Super-Duplex Steel & Duplex Steel
Super duplex steel is used regularly at IBS Penstocks. For a good reason: Duplex steels are acid and rust resistant and are used in particular where other stainless steels no longer meet the high requirements.
The special attributes of Super-Duplex Steel
These special steels consist of a two-phase structure consisting of ferrite and austenite. Due to its high content of chromium and nitrogen, and often also molybdenum, this steel offer good resistance to pitting and uniform corrosion. The duplex micro-structure contributes to their high strength and high resistance to stress corrosion cracking.
As a result, they have a significantly higher strength compared to ordinary chrome-nickel steel and are nevertheless very ductile and deformable during processing. Super Duplex is particularly appreciated for its features:
- excellent resistance to pitting corrosion, crevice corrosion, stress corrosion cracking, uniform corrosion, erosion corrosion and corrosion fatigue.
- good fatigue resistance
- high energy absorption
- hardly any erosion and abrasion
- low thermal expansion
- good weldability
Penstocks made of Super Duplex Steel
Among other things, we manufacture penstocks or caseless fittings made of the special steels Duplex (1.4462 / EN: X2CrNiMoN22-5-3 / AISI: 318LN) or Super Duplex Steel (1.4410 / EN: X2CrNiMoN25-7-4 / AISI: F53).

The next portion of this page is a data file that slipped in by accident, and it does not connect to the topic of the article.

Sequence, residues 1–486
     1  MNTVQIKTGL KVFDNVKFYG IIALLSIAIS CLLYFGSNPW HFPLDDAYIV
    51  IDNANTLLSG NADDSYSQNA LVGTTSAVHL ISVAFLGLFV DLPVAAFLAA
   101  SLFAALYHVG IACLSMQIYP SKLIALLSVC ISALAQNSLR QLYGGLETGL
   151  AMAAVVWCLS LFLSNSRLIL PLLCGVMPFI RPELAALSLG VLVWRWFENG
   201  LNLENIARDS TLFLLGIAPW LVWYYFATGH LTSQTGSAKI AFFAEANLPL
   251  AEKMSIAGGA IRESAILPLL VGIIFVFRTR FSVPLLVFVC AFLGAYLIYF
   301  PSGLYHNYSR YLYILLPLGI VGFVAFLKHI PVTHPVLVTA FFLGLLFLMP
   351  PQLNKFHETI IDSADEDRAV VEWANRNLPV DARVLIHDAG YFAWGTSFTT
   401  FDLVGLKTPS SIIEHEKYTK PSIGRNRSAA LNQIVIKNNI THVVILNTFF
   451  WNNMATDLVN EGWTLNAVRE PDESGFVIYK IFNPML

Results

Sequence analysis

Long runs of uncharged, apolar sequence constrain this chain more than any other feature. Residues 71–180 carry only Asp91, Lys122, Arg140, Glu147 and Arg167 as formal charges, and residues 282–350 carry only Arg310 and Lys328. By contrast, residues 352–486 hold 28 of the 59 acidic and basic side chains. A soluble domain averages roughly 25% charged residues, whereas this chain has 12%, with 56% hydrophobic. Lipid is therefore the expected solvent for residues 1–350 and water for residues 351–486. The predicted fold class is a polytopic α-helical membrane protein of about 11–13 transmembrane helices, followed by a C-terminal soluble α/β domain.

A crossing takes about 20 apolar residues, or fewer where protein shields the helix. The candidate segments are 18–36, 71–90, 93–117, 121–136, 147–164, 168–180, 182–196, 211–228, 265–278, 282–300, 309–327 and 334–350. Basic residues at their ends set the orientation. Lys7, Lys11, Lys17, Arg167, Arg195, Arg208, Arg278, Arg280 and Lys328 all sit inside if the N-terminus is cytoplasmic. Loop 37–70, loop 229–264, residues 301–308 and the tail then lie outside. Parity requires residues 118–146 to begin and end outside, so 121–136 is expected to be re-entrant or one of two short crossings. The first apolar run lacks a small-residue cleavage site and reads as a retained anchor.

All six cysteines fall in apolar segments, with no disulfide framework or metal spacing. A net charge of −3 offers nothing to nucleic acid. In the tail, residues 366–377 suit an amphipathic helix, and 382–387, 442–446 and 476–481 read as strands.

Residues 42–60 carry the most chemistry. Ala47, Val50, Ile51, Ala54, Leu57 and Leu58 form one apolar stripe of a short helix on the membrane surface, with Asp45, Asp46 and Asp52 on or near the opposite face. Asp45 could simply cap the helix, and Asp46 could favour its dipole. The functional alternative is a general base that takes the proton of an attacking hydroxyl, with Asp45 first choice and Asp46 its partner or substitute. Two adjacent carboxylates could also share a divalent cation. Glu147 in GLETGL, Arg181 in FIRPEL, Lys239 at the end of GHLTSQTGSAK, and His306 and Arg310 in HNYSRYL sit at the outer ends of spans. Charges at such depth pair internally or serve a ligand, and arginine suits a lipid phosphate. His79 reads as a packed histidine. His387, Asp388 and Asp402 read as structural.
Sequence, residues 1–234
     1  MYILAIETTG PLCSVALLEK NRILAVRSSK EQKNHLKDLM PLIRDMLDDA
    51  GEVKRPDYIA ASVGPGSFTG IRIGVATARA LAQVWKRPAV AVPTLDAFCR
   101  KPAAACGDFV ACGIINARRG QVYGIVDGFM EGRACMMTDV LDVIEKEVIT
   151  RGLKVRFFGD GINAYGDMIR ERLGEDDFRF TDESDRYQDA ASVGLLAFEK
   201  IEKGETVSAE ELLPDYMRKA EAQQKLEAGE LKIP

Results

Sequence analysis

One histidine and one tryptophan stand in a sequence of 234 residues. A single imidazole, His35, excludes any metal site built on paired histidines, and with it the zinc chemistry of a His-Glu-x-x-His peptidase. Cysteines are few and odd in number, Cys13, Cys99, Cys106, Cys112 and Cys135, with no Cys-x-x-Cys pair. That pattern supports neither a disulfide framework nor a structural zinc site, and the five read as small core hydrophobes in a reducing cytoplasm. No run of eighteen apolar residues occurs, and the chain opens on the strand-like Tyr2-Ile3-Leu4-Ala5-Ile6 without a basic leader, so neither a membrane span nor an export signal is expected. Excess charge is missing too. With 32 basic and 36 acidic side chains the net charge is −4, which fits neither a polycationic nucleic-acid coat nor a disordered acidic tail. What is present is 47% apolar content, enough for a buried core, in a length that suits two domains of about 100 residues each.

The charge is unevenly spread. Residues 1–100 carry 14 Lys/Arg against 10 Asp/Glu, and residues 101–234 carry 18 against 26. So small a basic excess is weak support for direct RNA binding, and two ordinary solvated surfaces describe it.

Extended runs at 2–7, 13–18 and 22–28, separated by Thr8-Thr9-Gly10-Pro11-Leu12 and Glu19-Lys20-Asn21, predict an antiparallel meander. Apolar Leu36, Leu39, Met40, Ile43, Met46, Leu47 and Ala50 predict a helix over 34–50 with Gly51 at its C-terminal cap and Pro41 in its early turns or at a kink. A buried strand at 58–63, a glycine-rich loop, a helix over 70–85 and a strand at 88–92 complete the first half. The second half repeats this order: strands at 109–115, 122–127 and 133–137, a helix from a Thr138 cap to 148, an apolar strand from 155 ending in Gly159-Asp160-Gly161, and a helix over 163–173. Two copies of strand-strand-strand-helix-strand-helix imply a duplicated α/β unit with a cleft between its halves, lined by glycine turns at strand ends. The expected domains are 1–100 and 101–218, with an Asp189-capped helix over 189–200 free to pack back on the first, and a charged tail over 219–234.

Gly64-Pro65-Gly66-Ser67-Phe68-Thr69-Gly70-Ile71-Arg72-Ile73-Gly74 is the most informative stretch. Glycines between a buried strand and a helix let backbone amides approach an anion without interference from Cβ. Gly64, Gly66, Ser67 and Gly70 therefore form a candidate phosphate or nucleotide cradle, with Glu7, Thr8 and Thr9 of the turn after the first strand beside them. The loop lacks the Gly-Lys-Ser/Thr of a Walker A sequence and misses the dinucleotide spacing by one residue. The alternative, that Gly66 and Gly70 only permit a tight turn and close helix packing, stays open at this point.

With our highly trained workers, our experience and the corresponding machines, IBS Penstocks can process the difficult-to-process materials in the best possible way. IBS Penstocks explicitly qualifies and trains their employees on these duplex and super duplex steels.
Our quality department is especially checking our welding and bending processes to secure our quality standards for our penstocks and stop logs. Please feel free to contact our sales team if you have any questions. Please send us your request for quote and we will send you an offer briefly.
Fields of application for Super Duplex Steel
Due to the special properties, these steels qualify for countless fields of application. Even those in which the steel is in contact with a variety of materials in an extremely demanding environment. Our penstocks made of Duplex and Super Duplex Steel can be found in:
- chemical industry
- power plants, especially cooling towers
- galvanization facilities
- water treatment plants, especially desalination plants
- offshore facilities (gas, oil, wind energy)
Fabrication & forming of Super Duplex Steel
Hot forming should be carried out in the temperature range 1200-1000 ° C. It should however, be observed that the strength of the duplex material is low at high temperatures. Hot working should normally be followed by solution annealing.
Due to the high proof strength of duplex material, greater working forces than those required for austenitic steel are usually needed for cold forming of duplex steel. The spring back is relatively high because of the high yield point. Solution annealing is normally recommended after more than 10 % cold deformation.
Characteristic temperatures of Super Duplex Steel
|Temperature in °C|